Most of those who read this piece know that COVID-19 is caused by a virus (the awkwardly named SARS-CoV-2 virus, to be precise). And we know that the virus’s spread can be inhibited via handwashing, not touching our faces, and avoiding crowded areas. We owe this knowledge to the germ theory of disease, which was developed only 150 years ago, and the heroic efforts of contemporary virologists. How did humans avoid pathogens for the other 99.9% of our time on earth, when no one knew of viruses and bacteria? And can the answer to this question offer some clues to understanding why diseases like COVID-19 are so problematic now?
The Behavioral Immune System
Throughout our evolutionary history, the microbes that cause disease have not been randomly distributed across the environments we inhabit. They were (and remain) more likely to be housed in rotting meat than a tree, in human feces than human hair, and in someone whose skin is covered with lesions than someone whose skin is clear. Given such regularities, our sensory systems evolved a sensitivity to the colors, textures, and smells that correlated with pathogen presence. That is, we evolved to treat some aspects of our environment as cues to pathogens. Such cues gave our ancestors a fighting chance to steer clear of the infectious microbes that they didn’t even know existed.
Neutralizing pathogens requires more than detection; it also requires avoidance. The emotion disgust (and, specifically, pathogen disgust) serves this function (Tybur et al., 2013). But it does not engender just any kind of avoidance. Contrast disgust with the fear evoked by things like crocodiles and cobras, which can traverse a meter in the blink of an eye. Viruses and bacteria are different; they have no muscles to propel themselves, and they largely get inside of us when we reach out and touch something. Hence, neutralizing pathogens doesn’t require the rapid flight engendered by fear; it requires a revulsion that motivates us to avoid contact.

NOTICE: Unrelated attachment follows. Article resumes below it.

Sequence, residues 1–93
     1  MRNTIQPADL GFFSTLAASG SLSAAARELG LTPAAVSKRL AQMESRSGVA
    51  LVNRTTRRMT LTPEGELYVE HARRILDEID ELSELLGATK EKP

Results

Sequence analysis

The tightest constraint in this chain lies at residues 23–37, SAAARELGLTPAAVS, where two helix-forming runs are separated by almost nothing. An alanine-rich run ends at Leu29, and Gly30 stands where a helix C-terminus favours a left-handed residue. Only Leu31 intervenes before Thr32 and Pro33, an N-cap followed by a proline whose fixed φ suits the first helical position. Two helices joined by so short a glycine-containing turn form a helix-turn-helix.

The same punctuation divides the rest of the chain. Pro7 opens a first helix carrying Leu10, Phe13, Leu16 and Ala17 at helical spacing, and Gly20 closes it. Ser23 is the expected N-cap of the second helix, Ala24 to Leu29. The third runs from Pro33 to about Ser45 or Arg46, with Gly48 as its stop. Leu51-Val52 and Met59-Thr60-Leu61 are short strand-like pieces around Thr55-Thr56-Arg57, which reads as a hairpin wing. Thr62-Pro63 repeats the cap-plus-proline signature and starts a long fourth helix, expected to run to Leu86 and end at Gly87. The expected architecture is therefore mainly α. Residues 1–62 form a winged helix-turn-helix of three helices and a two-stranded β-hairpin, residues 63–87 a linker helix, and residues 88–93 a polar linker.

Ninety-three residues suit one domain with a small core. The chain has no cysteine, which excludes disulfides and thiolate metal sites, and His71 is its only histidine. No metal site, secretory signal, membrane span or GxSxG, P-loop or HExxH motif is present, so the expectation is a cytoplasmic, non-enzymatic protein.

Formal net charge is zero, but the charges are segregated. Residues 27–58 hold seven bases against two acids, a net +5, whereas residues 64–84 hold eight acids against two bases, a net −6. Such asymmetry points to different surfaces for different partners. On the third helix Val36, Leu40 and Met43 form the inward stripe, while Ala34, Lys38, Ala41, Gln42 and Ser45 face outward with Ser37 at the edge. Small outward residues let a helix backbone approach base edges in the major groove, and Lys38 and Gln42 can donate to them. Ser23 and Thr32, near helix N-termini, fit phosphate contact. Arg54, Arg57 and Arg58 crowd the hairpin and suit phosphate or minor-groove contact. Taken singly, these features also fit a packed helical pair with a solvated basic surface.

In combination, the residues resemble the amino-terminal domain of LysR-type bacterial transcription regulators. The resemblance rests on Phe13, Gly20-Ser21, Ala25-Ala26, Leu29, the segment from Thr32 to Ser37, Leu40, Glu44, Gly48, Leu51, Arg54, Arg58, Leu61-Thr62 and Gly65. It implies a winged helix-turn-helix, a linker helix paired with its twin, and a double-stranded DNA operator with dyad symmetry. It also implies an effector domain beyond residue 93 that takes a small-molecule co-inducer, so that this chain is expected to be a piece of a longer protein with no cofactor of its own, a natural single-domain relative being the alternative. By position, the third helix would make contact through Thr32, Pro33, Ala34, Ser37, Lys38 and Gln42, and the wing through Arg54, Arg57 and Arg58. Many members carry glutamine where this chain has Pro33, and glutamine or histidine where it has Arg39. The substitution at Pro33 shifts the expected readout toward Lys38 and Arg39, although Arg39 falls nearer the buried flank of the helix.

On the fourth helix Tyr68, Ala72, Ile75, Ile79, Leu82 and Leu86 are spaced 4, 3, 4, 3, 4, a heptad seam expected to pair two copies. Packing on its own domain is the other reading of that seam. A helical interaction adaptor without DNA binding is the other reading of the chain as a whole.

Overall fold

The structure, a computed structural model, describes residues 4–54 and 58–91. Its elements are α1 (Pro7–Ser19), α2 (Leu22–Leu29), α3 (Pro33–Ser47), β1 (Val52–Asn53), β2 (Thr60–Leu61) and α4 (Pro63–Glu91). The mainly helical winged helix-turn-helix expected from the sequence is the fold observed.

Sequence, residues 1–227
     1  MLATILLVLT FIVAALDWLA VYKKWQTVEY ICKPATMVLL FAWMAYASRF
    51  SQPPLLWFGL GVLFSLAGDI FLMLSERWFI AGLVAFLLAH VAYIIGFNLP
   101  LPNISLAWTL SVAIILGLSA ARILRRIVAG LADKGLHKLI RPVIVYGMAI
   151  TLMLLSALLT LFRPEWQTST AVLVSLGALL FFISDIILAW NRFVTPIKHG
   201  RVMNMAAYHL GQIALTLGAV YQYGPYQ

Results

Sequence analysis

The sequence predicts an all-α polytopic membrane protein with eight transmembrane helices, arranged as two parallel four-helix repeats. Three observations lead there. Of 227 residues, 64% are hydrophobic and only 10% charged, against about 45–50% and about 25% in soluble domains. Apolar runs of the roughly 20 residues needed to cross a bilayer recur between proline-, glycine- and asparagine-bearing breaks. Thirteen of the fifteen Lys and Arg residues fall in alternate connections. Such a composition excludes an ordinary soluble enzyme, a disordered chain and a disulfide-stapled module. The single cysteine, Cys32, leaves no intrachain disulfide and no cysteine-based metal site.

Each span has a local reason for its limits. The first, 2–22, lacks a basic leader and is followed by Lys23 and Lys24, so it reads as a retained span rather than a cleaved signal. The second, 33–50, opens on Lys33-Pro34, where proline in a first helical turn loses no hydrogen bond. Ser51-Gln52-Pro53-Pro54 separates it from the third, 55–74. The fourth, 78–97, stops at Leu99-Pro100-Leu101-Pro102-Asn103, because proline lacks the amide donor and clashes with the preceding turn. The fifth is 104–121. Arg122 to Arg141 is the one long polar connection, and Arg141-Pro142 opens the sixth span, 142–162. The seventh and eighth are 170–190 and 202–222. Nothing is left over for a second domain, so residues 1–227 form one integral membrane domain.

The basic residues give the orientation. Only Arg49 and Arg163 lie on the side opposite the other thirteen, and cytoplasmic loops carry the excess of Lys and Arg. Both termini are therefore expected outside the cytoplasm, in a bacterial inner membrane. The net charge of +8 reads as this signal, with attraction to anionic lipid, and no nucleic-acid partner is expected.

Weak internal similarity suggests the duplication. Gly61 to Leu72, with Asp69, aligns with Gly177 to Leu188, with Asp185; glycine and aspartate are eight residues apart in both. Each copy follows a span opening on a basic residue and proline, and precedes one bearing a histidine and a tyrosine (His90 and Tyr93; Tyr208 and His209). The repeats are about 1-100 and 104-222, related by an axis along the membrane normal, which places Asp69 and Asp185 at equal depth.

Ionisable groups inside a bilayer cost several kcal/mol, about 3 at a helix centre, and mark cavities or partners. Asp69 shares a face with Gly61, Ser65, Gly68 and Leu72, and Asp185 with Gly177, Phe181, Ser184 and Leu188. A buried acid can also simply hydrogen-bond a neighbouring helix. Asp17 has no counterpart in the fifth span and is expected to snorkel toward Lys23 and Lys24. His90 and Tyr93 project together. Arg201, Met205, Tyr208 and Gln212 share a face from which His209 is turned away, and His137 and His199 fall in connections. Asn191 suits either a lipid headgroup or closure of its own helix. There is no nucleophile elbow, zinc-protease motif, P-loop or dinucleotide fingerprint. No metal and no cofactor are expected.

A bevy of evidence suggests a match between disgust and pathogen threats. One study of 40,000 participants across six continents and nine cultural regions found that participants were more disgusted by pictures of infection threats than similar images posing no infection threat (Curtis et al., 2004). Surveys of the 25 deadliest infectious diseases across human history revealed that all 25 produce visible symptoms, most of which elicit disgust (Oaten et a., 2011). And hunter-gatherer populations without Western scientific educations have a sense of contamination – that is, they won’t eat something that has contacted another object that elicits disgust (Apicella et al., 2018).
Psychologists often refer to our pathogen-detection and avoidance adaptations as a behavioral immune system, which they have recently aimed to better understand (Ackerman et al., 2018; Murray & Schaller, 2016; Tybur & Lieberman, 2016). This behavioral immune system is a marvel of natural engineering – it evolved to detect and avoid the pathogens that scientists would not identify as the cause of infection until the 19th century. And it has consequences for myriad phenomena ranging from social exclusion to food choice to sexuality.